(We both chuckle at this.) It was so funny!
At BYU Hawaii, one of my classes was very small, about six people. I could tell they hadn't read. I told them to come back when they had. I then went into my office. One student came in and she said, "I know you were disappointed in us today Sister Harper."
It was very nice that she was sensitive to that.
In Hawaii, the 30th of May was Lei Day. Many of the students would wear leis to class. It was a very nice, fragrant custom
I had a young man in my class who got a 'D.' He came in after and wanted me to change it. He swore at me and said, "I will get it changed."
A couple of years later, at graduation time, the faculty would leave and usually shake hands with the graduates. He came through the line, shook my hand, and said, "Thank you, Sister Harper." This helped to ease a sore spot. It seemed he had forgiven me.
Of course, no one can offend you, you just let yourself be offended.
What do you remember best about your mother and father?
I don't even remember them telling us they loved us, but it never crossed my mind. They showed it. I know they were proud of us, I wouldn't have done anything to make them ashamed of me.
We walked to school. My father always wanted us to walk together. He wanted us to be supportive of each other, to be loyal to each other.
He was very loyal of his own family. He had five brothers and two sisters. Just before he died he said, "let my brothers and sister know."
My sisters and I are close. I think he would be pleased. I can't imagine not talking to or writing to my siblings.
My Grandma Neva, Aunt Lavina, Aunt Wilma, Aunt Vivian, and Aunt Lettie
Cali and I would like to know: Where did the glass balls come from?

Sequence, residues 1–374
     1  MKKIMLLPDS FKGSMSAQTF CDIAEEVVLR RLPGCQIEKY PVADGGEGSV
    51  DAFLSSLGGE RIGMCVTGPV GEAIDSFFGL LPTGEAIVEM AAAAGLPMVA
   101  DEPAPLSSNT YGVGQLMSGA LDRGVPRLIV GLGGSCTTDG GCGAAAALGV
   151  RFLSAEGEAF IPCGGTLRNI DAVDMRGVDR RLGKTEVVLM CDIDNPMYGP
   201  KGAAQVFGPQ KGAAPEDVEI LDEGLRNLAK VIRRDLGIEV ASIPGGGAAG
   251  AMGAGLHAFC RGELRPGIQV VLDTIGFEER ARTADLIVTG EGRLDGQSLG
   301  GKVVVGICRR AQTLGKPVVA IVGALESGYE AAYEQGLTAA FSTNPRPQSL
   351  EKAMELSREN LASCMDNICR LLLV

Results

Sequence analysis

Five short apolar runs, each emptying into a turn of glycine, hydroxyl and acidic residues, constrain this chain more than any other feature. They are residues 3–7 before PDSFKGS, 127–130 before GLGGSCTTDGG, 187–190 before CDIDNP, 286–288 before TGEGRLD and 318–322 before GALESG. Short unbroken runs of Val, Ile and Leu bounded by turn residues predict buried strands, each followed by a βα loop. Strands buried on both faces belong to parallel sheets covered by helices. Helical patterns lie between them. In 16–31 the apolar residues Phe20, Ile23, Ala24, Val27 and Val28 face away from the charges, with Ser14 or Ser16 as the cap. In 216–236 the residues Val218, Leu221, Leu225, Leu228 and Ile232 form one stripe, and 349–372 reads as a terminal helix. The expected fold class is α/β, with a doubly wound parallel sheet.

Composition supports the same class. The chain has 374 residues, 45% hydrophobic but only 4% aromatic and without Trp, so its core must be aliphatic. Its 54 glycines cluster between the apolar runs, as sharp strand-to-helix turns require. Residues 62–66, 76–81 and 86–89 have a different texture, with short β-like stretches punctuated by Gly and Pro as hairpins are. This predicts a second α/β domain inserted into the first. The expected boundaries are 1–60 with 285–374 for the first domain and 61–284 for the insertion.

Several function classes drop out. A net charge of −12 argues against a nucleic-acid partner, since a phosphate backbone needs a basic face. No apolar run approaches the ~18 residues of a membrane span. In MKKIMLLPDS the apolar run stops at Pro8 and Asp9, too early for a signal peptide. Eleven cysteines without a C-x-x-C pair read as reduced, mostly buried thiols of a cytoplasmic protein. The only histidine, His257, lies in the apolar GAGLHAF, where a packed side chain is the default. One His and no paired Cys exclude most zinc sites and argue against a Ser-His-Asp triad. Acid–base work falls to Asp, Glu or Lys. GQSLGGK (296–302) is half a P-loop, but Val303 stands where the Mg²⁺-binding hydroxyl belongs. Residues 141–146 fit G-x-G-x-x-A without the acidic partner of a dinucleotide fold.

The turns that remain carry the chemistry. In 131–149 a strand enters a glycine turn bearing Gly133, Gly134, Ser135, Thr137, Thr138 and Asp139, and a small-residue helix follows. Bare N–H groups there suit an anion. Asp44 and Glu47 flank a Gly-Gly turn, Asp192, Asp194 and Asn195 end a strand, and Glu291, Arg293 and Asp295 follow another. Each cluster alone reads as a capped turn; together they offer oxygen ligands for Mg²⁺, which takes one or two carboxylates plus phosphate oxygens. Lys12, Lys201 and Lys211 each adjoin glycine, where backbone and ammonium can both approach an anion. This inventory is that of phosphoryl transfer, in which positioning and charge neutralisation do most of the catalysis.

Here they are, in case you're wondering what we're talking about...
They are attached to Japanese fishing nets. They wash up on the shores of the pacific ocean. Usually when there is a storm, they wash up. They're from the beaches of Hawaii
Becky's Nick (Kait's cousin) loved to roll the biggest one up and down the floor. They're pretty sturdy.
(Wow. Cali, we knew it would be a good story!)
Aunt Lavina has not just lived in Hawaii, she's traveled all over the world. She has been to 54 countries, and all 50 states.
In the hallway of her apartment, this map is hanging on the wall:
The Pins are sticking in the places she's been
The ones that have little flags are the places she's lived
People always ask me that, I can't really say. I can say the most spectacular:
The Taj Mahal
The Great Wall of China
Other places were beautiful, these were just the most spectacular.
To see the moon or sun rise or set out of the ocean is really spectacular as well
Could you please tell us some memories from your time in Hawaii?
A close-up of Aunt Lavina's map. The flag is where she lived in Hawaii, the pins where she's visited.
Aunt Lavina's time in Hawaii
Laie 1st Ward, July 1988Aunt Lavina with Julia Cawer, April 1987
I worked in the Hawaii temple
Those were special times. It was busy, I was teaching full time and usually had a stake or ward calling.
While in Hawaii, I had the opportunity to go to Kalaupapa, a Leper colony. You had to have a permit from the health department to go. We could not take the sacrament, because those who were preparing it were lepers.
(She has pages written about this in her personal history. If I had had the time, I would have read more. Even the little I heard was fascinating.)
Aunt Lavina's Hawaiian quilt was used as a backdrop during a book signing
Isn't it just a lovely quilt?
Is there any advice you could share with us about traveling and showing respect for different cultures?
Elder Oaks said it best, we should learn enough so that our actions: the food we eat, the things we do, don't offend.
My friend married a French woman. She could not understand the candied yams at Thanksgiving. It was almost offensive to her to have that sweet of a food with Turkey and the other foods.
(Again on respecting other cultures...)